What, You Have a Better Idea for Cost Control?
March 07, 2010
David Brooks thinks it. David Gregory thinks it. The Washington Post editorial page thinks it. And, what the heck, I think it. If health care reform passes Congress, the final legislation probably won't cut the cost of medical care as quickly as seems possible on paper. But would the legislation make a good start--as good a start as possible, given political reality? Brooks, Gregory, the Post, and plenty of other critics seem to think the answer is "no." I think they are nuts.
Will the Senate Come Through?
February 24, 2010
When Senators like Bernie Sanders or Sherrod Brown say Democrats need to finalize health care reform through the budget reconciliation process because of Republican obstructionism, that doesn't mean much. When Senators Evan Bayh, Mary Landrieu, and Ben Nelson say their more liberal colleagues may be right, that means a lot. Via Politico's Carrie Budoff Brown, here's Bayh: “Obviously, if the minority is just frustrating the process, that argues for taking steps to get the public’s business done. ...
Will the House Come Through?
February 24, 2010
Who says bipartisan good feeling is dead? The big question hanging over health care reform right now is whether House Speaker Nancy Pelosi can get enough Democrats to vote for the Senate bill and an accompanying set of amendments that would move through the budget reconciliation process. Rather than make Pelosi and her lieutenants go to the trouble of counting all those votes, Republican House Whip Eric Cantor has generously done the work for her. In a memo addressed to "interested parties," Cantor lays out the math.
How Many Lives Does the Public Option Have?
February 18, 2010
I'm a longtime, enthusiastic fan of the public option. And I am really nervous about its latest rise from the grave. As you may recall, the public option died in December, after Senate Majority Leader Harry Reid dropped it from his reform bill in order to secure the final votes necessary for a filibuster-proof, 60-member majority.
The Dems Need a Shove. Will Obama Give It?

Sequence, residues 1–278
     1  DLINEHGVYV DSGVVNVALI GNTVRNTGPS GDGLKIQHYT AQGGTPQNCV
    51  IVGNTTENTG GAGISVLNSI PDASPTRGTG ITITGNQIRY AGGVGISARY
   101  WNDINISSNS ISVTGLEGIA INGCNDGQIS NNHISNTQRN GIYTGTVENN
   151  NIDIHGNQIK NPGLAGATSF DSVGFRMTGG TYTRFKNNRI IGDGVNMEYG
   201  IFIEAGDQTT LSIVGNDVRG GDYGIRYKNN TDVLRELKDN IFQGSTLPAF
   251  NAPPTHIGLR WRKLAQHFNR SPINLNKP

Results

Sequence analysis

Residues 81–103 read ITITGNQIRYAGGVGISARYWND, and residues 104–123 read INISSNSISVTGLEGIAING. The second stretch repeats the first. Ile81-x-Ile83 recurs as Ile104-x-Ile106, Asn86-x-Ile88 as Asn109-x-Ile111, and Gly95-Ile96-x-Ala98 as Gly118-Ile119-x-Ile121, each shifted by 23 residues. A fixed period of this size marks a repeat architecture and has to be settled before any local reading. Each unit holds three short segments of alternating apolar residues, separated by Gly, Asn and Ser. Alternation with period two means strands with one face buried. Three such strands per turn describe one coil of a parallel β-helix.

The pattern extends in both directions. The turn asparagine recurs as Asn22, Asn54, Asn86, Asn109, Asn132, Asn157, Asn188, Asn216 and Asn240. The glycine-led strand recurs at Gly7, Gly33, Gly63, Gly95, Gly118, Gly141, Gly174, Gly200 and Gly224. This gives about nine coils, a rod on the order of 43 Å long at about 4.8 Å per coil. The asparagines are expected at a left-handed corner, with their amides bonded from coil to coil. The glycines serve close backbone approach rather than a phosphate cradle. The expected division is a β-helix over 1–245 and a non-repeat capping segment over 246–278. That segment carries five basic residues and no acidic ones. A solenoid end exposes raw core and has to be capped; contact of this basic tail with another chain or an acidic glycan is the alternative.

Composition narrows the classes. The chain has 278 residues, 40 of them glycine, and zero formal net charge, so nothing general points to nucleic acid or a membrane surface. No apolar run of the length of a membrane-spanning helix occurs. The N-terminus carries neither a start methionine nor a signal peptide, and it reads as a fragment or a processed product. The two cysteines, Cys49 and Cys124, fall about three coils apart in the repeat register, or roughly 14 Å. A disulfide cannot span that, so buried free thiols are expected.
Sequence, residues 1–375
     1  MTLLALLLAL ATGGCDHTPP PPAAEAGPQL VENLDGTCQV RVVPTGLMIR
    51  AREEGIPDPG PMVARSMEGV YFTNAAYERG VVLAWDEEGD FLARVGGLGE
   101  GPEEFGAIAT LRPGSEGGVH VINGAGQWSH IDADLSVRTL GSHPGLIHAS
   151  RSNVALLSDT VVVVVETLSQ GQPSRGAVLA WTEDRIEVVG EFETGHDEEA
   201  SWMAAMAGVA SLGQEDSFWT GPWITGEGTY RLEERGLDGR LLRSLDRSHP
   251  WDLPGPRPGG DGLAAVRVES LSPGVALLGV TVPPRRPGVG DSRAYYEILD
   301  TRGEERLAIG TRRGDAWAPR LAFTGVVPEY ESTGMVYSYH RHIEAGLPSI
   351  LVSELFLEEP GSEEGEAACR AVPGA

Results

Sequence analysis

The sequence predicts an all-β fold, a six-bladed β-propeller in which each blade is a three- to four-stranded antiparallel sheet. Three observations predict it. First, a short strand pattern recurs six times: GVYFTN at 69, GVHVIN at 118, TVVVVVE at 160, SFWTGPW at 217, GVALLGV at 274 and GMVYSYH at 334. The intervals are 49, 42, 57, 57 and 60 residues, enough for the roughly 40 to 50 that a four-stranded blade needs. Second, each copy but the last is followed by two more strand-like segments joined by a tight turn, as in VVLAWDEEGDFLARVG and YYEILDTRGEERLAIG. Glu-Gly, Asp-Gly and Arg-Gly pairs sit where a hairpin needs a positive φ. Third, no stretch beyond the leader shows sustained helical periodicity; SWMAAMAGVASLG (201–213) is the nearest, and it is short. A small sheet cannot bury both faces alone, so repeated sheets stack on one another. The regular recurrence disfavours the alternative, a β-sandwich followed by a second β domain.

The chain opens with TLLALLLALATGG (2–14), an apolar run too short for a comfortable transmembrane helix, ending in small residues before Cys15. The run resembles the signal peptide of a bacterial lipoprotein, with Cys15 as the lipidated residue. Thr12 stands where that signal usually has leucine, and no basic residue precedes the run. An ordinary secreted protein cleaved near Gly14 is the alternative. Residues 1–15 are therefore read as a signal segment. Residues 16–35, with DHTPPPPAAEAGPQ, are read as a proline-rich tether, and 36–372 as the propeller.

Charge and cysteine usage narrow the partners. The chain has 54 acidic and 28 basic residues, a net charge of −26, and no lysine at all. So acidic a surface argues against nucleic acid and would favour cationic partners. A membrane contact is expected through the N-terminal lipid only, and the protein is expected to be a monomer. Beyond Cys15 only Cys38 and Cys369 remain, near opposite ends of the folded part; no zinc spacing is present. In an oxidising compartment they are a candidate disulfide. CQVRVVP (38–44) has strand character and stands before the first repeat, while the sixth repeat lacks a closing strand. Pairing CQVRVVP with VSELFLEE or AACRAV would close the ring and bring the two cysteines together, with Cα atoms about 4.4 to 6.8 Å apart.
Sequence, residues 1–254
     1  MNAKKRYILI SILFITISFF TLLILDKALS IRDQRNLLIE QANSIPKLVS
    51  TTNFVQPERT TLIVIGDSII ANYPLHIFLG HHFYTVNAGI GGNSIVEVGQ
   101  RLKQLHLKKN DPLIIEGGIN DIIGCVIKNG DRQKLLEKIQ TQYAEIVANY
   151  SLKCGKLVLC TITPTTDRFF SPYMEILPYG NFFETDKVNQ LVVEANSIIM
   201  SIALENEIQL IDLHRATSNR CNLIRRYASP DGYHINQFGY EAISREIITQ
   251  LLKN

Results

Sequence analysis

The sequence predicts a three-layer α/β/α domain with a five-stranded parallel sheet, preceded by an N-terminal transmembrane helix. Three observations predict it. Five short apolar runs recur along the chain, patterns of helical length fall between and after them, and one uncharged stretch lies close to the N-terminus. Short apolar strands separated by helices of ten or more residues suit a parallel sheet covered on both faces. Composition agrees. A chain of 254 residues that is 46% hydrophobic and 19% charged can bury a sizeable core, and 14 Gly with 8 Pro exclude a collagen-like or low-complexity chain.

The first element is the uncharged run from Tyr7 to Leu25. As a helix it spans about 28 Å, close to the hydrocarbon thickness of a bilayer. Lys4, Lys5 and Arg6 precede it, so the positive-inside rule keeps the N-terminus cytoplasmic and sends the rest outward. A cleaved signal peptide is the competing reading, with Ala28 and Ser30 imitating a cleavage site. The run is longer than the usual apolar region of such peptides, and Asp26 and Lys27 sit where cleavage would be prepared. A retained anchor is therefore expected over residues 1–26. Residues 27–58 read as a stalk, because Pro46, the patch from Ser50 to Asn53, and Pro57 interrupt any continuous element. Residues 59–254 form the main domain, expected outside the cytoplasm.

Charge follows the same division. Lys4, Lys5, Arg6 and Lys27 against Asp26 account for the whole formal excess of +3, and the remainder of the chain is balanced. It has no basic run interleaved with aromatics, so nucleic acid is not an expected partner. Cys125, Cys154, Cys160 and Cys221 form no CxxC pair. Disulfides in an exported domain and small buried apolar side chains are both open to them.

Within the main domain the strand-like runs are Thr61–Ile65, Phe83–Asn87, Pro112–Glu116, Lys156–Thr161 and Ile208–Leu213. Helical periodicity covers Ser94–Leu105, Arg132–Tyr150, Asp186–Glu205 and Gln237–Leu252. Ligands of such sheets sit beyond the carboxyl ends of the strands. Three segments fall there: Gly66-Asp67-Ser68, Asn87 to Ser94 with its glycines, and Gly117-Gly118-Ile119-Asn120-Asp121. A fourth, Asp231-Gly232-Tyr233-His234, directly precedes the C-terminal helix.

February 04, 2010
In the last week and a half, Obama has rediscovered his voice on health care--telling audiences he is determined to achieve comprehensive reform, not some piecemeal version, and that he is willing to fight for it. And, administration officials say, the sentiments are genuine. Obama has instructed his staff not to abandon the pursuit of a full reform package, even though, it seems, that's what some advisers would prefer--and even though the Democrats no longer have the sixty votes necessary to break Republican filibusters in the Senate. But rhetoric alone won't get the job done.
Will Bernanke Be Another Coakley Casualty?
January 22, 2010
If I had to guess as I write this, I'd say no. But the trendlines for the Fed chairman aren't moving in the right direction. Today's Wall Street Journal had a piece noting that the Fed chairman was headed toward a closer than expected vote in the Senate next week, with Dems Byron Dorgan and Jeff Merkley joining Bernie Sanders, the Senate's chief Bernanke-hater on the left, as opponents of a second term.
The Whipping Boy
December 27, 2009
WASHINGTON--Punditry in the nation's capital has its own rhythms, and one common practice involves almost everyone beating up on the same politician at the same time. Such assaults are rarely about ideology, though I have found that liberals or Democrats are often the object of these sustained attacks, perhaps because journalists are overly sensitive to charges of liberal bias. There's nothing like hitting a Democrat hard to "prove" impartiality. For quite a while, House Speaker Nancy Pelosi was the target of choice.
BREAKING: Senate Passes Reform
December 24, 2009
The U.S. Senate has voted to pass the most ambitious piece of domestic legislation in a generation--a bill that will extend insurance coverage to tens of million Americans, strengthen insurance for many more, and start refashioning American medicine so that it is more efficient. The vote took place a little after 7 a.m., after brief speeches by the two party leaders, Harry Reid and Mitch McConnell.
You Call This a Compromise?
December 06, 2009
Jacob S. Hacker is the Stanley B. Resor Professor of Political Science at Yale University. An expert on the politics of U.S.
Should We Laugh? Cry? Both?
November 22, 2009
The ritual is becoming familiar. Health care reform passes a major political hurdle. And progressives don’t know whether to laugh or cry. Last time, the occasion was a vote in the House of Representatives. Health care reform passed by the slimmest of margins, but not before conservative Democrats had extracted a major concession on abortion rights. This time, it was a vote in the Senate--not on whether to pass a bill, but whether to begin debating one.